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MOLDOVA


 

 

Key Economic Data 
 
  2003 2002 2001 Ranking(2003)
GDP
Millions of US $ 1,964 1,621 1,500 141
         
GNI per capita
 US $ 590 460 400 157
Ranking is given out of 208 nations - (data from the World Bank)

Books on Moldova

REPUBLICAN REFERENCE

Area (sq.km) 
33,843 

Population 
4,446,455

Principal 
ethnic groups 
Moldovans 64.5%
Ukrainians 13.8%
Russians 13.0%

Capital 
Kishinev 
(Chisinau)

Currency
Leu (plural: Lei)

President 
Vladimir Voronin


Update No: 308 - (29/08/06)

Odd man out in Europe
Moldova is the poorest country in Europe, having been overtaken by Albania in the last decade, previously the bearer of this unenviable epithet.
In some ways it is an anomaly that it should be so poor, because it is in the centre of Europe and has rich fertile soil and a tradition of horticulture and agriculture going back millennia. It was, indeed, one of the richer republics of the USSR, a fact which helps to account for why it is also the only country in Europe that still has a communist party in power, which, moreover, was re-elected last year.
The president in Moldova is elected by parliament, so is always the head of the governing party. This has been for five years now the head of the Communist Party of Moldova, Vladimir Voronin, a figure who, in yet another paradox, is much more popular in the West than in Moscow.
The Kremlin has tried in its usual heavy-handed way to undermine the president and government by imposing a ban, allegedly on health grounds, on Moldova's wine and several other exports to Russia, traditionally, its main market. This is crippling the already sorely tried economy.

Russia's ban on Moldovan products affects republic's economy 
Russia's ban on wine, crop and livestock imports from Moldova affected the development of the Moldovan economy, Vasiliy Tarlev, the republic's Prime Minister, told a government meeting, while presenting a report on the socio-economic development of the country in the first half of 2006.
He noted that the rise of gas prices and export barriers explained the growth of the inflation rate to 7.4 per cent in January-June 2006, up by 2.7 per cent from the same period of 2005. Moldova's exports dropped by 10.6 per cent; while imports rose by 14.4 per cent in the relevant period. Wine production fell by 42.4 per cent. The growth of prices of energy resources not only damaged the competitiveness of Moldovan products, it was also a serious challenge to the country's energy sector.
Nevertheless, Moldova managed to preserve macroeconomic stability in the first half of 2006, the premier noted. The country's GDP rose by 6.2 per cent. 

President: The country is preparing for a spurt following "Latvia's model"
Meanwhile, the Moldovan president decided to put a positive interpretation on recent developments in two important speeches he made in July.
Voronin believes that the current troubled state of the Moldovan economy is just a challenge which should be seen as a new requirement for Moldova's independence, he announced at a news conference in Chisinau on July 11th, a REGNUM correspondent reports. 
"The situation has become a serious incentive for the Republic of Moldova," Voronin noted. "An incentive to actively reorganize its economic sphere, modernize and diversify its export-oriented potential, apply models of development to our economy that have been long used in Latvia."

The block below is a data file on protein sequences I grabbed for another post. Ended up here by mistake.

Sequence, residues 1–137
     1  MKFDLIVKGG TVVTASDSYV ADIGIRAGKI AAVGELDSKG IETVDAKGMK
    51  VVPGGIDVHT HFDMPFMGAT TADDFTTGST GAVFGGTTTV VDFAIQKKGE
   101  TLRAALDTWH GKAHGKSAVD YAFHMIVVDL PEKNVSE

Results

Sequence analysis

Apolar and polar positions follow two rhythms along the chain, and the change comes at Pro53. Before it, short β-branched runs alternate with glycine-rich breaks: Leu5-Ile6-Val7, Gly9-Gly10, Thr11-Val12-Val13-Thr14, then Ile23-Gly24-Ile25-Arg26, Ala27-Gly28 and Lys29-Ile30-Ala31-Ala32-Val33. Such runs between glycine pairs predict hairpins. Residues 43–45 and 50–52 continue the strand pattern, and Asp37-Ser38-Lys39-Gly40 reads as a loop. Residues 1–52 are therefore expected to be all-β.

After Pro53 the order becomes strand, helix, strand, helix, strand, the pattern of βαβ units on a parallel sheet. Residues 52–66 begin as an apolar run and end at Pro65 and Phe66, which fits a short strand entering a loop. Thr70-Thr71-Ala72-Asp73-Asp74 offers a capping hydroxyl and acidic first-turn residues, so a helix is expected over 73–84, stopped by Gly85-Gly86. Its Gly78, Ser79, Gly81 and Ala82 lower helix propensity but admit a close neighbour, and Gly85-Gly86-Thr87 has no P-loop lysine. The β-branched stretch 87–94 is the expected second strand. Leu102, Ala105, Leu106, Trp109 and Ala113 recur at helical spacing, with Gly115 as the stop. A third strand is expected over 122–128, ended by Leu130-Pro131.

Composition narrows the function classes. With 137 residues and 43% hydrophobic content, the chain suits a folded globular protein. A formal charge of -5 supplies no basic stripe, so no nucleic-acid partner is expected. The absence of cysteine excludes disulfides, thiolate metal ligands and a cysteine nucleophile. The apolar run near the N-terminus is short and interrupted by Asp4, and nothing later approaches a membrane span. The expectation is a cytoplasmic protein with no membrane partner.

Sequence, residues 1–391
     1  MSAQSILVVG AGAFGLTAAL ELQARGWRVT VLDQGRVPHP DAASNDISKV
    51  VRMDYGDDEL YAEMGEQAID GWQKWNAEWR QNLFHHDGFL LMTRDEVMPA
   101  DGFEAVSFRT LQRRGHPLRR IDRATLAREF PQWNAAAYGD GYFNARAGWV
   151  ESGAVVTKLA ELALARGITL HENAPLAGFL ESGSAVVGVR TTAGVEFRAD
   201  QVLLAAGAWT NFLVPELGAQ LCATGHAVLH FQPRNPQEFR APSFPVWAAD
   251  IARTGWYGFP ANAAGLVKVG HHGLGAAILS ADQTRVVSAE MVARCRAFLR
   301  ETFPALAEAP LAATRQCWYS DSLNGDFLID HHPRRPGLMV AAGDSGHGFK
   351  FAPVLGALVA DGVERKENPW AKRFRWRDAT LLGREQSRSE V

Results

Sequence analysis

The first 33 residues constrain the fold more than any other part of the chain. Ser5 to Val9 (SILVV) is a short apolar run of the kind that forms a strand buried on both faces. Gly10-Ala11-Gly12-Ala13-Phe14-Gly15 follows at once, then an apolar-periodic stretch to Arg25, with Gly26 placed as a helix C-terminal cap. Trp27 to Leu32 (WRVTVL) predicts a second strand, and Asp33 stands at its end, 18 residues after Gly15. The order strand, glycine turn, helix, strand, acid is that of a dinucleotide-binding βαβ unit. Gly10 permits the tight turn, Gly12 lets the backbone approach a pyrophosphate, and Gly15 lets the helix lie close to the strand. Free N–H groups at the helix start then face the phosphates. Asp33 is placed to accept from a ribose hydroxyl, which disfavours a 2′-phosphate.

"We are thoroughly preparing for the spurt," the Moldovan president announced. "Our European and American partners will view this approach with understanding," Voronin averred. 
The Moldovan president says, the republic should gain advantages from both its neighbourhood to the EU and the prospect of obtaining an asymmetrical trade regime with Europe, as well as from a free trade regime with CIS countries. "We cannot really be serious in hoping that a modern economy can be built alone on wine and sweet-cherries," Voronin concluded. 

Country "needs industrial revolution"
The Moldovan president on July 29th addressed the same message to the Moldovan parliament, maintaining that his country does not have chances for further development without radical reforms.
Mr. Voronin stated that the Republic of Moldova "needs an industrial revolution" and he called on MPs not to be scared by the radicalism of his proposals. "One should not be scared by economic freedoms. We should carefully adopt economic freedoms reasoning from other countries' experience. The more freedoms, the more the competitiveness of Moldovan goods will rise," Mr. Voronin said. 
"Entering into the 15th year of our independence, we should become a country which opens a new page in the history of its democracy, its economy, and its social development," the Moldovan president stressed. 
"We have only one way to prosperity - quick modernization - in our present situation," Mr. Voronin said. "I am sure that only in such way will we gain real independence and the territorial and civil unity of our motherland," the president stressed. 

Moldova Abolishes Death Penalty
In a move to align the country with European legal practice, so different from that of the US, Moldova abolished the death penalty completely, the radio station Echo of Moscow reports. 
The law was adopted recently by the country's parliament and on August 2nd it was signed by President Voronin. Thus Moldova joins the 13th protocol of the European Convention for the Protection of Human Rights and is obliged to abstain from implementing the death penalty in every case. 
Up to now the law in Moldova allowed the passing and execution of death sentences in special cases in wartime.
 

 

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